July 2007, Volume 57, Issue 7

Case Reports

Acute stroke secondary to internal carotid artery pseudoaneurysm: MRI findingsand treatment with endovascularcoiling

Mohammad Wasay  ( .The Aga Khan University1, Karachi )
Alper Dai  ( , Gaziantep University, Gaziantep2, Turkey )
Neeraj Dubey  ( Dent Neurologic Institute3, Buffalo, NY, USA, )
Saadat Kamran  ( Hammad Medical Center4, Doha, Qatar )

Abstract

Internal carotid artery pseudoaneurysms are uncommon. We report a young man with history of trivialtrauma who presented with middle cerebral artery stroke.Head CT scan revealed a right parapharyngeal mass. MRI confirmed the diagnosis of internal carotidpseudoaneurysm. Cerebral angiogram showed dissection of internal carotid artery with a large pseudoaneurysm and almost complete occlusion of vessel distal to aneurysm.Vessel was obliterated by fibercoiling and gluing byendovascular technique to diminish risk of furthere mbolization. MRI characteristics of carotid pseudoaneurysms and role of endovascular treatment arediscussed.

Introduction

Internal carotid artery dissection and pseudoaneurysms are uncommon and are associated with high morbidity and mortality.1,2 Thrombosis, embolism and rupture with haemorrhage are common complications.3,4Majority of cases have no history of trauma and may present as parapharyngeal or peri tonsillar mass.5 Spontaneous resolution is uncommon among patients with pseudoaneurysm. Surgical treatment is controversial and isassociated with major complications.6-8  Endovascularcoiling and stenting has been used with success in selected patients.9 We report a young man who presented with right middle cerebral artery embolic stroke due to an internal carotid artery pseudoaneurysm. As the vessel was almost completely occluded, proximal obliteration of vessel wasobtained using fiber coils to diminish the risk of further embolism.

Case Report

A31 year old man with history of minor neck traumasix months ago, presented with acute stroke. Neurological examination revealed slurring of speech, left upper motorneuron facial paresis and left hemiparesis. General physical examination was unremarkable except swollen and protruded right pharyngeal tonsils. There were no redness,inflammation or exudates present involving tonsils. Are tropharyngeal mass was suspected based on clinical examination. Non-contrast head CT scan in axial plane showed a well defined rounded mass involving right paraphyrangeal space representing a large pseudoaneurysm of right internal carotid artery (Figure 1). The etiology of stroke was most likely embolic from partially thrombosed aneurysm. Cerebral angiogram showed dissection of internal carotid artery with a large pseudoaneurysm and almost complete occlusion of vessel distal to aneurysm(Figure 2).Vessel was obliterated by fibercoiling and gluing by

[(1)]

[(2)]

endovascular technique to diminish risk of further embolization. We believe that pseudoaneurysm resulted from a clinically asymptomatic internal carotid arterydissection due to minor trauma as illustrated in history.

Discussion

Stroke is a common complication of carotid artery dissection.1 The mechanism underlying stroke is related to thrombosis, embolism or slow flow due to dissection. Time duration between dissection and stroke could range from immediately post dissection to years. Majority of these patients have history of neck trauma but patients with spontaneous dissection are increasingly recognized. Patients with carotid dissection can be divided into two groups depending on presence or absence of pseudoaneurysm.2 Only a minority of these patients develop pseudoaneurysm.Dissection between tunica media and adventitia is the underlying mechanism for pseudoaneurysm formation.3 Spontaneous resolution is rare in patients with pseudoaneurysm due to carotid and vertebral artery dissection. Diagnosis of possible carotid aneurysm was suggested due to a large paraphyrangeal mass. MRI showeda well-defined mass measuring seven-centimeter superioinferiorly containing multiple layers of thrombus of different ages. These signal characteristics are highly suggestive of thrombosed aneurysm as compared to aparapharyngeal abcess or mass. MRI findings described above may be characteristic for carotid artery pseudoaneurysm. These findings may be helpful indifferentiatial diagnosis of a pharyngeal mass.  The diagnosis could be suggested on routine CT and MRI examination. Recent reports have showed utility of Helical CT angiography and contrast-enhanced MR Angiography inthe diagnosis of carotid dissection and pseudoaneurysm.10 In conclusion, carotid pseudoaneurysm could presentas acute stroke. The diagnosis could be established based onroutine CTand MRI. Endovascular and gluing are effectiveand safe in obliterating pseudoaneurysm. Due to high complication rate of surgery in these cases endovascular treatment may be a good alternative. Alternate endovascular procedures used to treat this condition include, stenting and stent supported coiling of pseudoaneurysm.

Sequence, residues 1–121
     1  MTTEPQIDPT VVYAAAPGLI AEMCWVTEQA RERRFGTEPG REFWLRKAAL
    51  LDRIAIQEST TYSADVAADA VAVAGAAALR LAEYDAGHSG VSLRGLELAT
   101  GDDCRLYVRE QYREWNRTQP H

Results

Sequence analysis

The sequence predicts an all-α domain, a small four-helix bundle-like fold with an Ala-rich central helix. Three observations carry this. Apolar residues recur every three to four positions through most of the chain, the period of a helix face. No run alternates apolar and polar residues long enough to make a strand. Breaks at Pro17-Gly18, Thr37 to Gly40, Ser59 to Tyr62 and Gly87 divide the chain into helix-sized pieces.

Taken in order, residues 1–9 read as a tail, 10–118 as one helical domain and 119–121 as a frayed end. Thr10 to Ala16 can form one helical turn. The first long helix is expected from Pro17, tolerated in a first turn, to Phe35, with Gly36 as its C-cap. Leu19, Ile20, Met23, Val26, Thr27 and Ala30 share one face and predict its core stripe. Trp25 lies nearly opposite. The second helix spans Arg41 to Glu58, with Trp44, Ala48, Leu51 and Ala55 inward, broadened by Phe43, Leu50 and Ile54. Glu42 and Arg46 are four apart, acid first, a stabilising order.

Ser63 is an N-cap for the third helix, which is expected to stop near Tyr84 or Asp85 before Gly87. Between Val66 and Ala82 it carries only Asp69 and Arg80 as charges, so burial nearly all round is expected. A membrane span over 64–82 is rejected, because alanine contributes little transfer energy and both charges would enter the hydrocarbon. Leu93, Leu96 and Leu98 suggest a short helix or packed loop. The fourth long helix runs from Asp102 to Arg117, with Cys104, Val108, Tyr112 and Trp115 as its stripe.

References

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2. Friedman WA, Day AL, Quisling RG, Sypert GW, Rhoton AL. Cervicalcarotid dissecting aneurysms. Neurosurgery. 1980;7:207-14.

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8. Catalano PJ, Bederson J, Turk JB, Sen C, Biller HF. New approach foroperative management of vascular lesions of the infratemporal internal carotidartery. Am J Otol. 1994;15:495-501.

9. Delgado F, Bravo-Rodriguez FA, Bautista MD, Chirosa MA, Molina T,Martos JM, et al. Carotid pseudoaneurysms secondary to dissection:endovascular management with bare stent-graft. Cerebrovasc Dis.2005;19:136-8.

10. Phan T, Huston J, Bernstein MA, Riederer SJ, Brown RD. Contrast-enhancedmagnetic resonance angiography of the cervical vessels: experience with 422patients. Stroke. 2001;32:2282-6.

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